The double meaning they are referring to relates to the fact that DNA not only encodes proteins (DNA > RNA > Protein), but also contains sections that are used as control sites for this production. That is, other proteins, known as transcription factors, bind to these complimentary regions and can turn genes off and on as well as altering the structure of the protein produced. They are the regulatory regions.
Consequently, this “double meaning” is nothing new. We have known about these regulatory elements – such as promoters and enhancers – for decades, although there is still much to learn about their complexity. And the study published today in Science that has given rise to these headlines provides new insights through the regulatory maze.
Researchers from the University of Washington have found that these regulatory regions are commonly found within the protein-coding regions themselves. It was previously believed that these two regions of DNA – regulatory and protein-coding – were spatially separated: transcription factors bound to regions upstream of the protein-coding sequence (known as an “exon”). Imagine a length of rope with bands of blue and yellow. The different colours are analogous to this simplified arrangement of regulatory sequences and axons: Blue, yellow, yellow, yellow = regulatory region, protein-coding, protein-coding, protein-coding This compartmentalised arrangement of regulatory region followed by exons (as the image above shows) was what I was taught as an undergraduate.
So, statements like this one published today are just downright erroneous (italicised words are my emphases. Then I went further and underlined them as well):
“The second one [regulatory regions], which was just discovered, codes information which tells the cell how to control genes”
Even the finding that these regulatory regions are embedded within protein-coding sequences is nothing new; they have been discovered in several studies since 1995. The main conclusions of this new study by Dr. John Stamatoyannopoulos and his colleagues is that these regions are more pervasively contained within coding-sequences than previously believed – 87% of genes (from the 81 cell types investigated) contained them. (And, perhaps they have coined the term “duons” for these genes – I’m not sure.)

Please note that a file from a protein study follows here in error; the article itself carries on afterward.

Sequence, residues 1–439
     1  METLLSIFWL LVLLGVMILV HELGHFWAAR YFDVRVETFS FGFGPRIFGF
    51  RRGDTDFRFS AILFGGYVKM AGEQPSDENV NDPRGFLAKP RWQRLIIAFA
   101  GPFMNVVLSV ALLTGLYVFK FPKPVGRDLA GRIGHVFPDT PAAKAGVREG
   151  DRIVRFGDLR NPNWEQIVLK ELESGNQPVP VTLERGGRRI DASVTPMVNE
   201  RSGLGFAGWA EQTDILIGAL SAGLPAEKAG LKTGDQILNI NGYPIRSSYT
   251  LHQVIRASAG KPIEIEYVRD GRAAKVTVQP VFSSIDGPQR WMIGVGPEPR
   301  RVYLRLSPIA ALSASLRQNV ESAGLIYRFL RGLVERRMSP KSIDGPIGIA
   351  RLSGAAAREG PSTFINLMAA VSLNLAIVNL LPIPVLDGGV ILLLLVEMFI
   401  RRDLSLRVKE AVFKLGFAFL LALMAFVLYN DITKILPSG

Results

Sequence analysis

Moreover, they found that these regulatory sequences determine the structure of proteins themselves by preferentially choosing some amino acids (the building blocks of proteins) over others. Consequently, if a mutation resulted in the selection of different protein structures, they have the potential to catalyze evolutionary change. Finally, with a large proportion of disease-associated DNA sequences being found within these duons, this study reveals a myriad of insights into the overlooked process of gene regulation within exons.
But – the take home message is that – the fundamentals of genetic function remain the same: there are regions that encode proteins and others that control this process. It’s just that “duons” are commonplace and they influence protein structure, evolutionary pathways, and perhaps certain diseases.
Stergachis, A.B., et al. (2013) Exonic Transcription Factor Binding Directs Codon Choice and Affects Protein Evolution. Science.
Schematic from howardhughes.trinity.duke.edu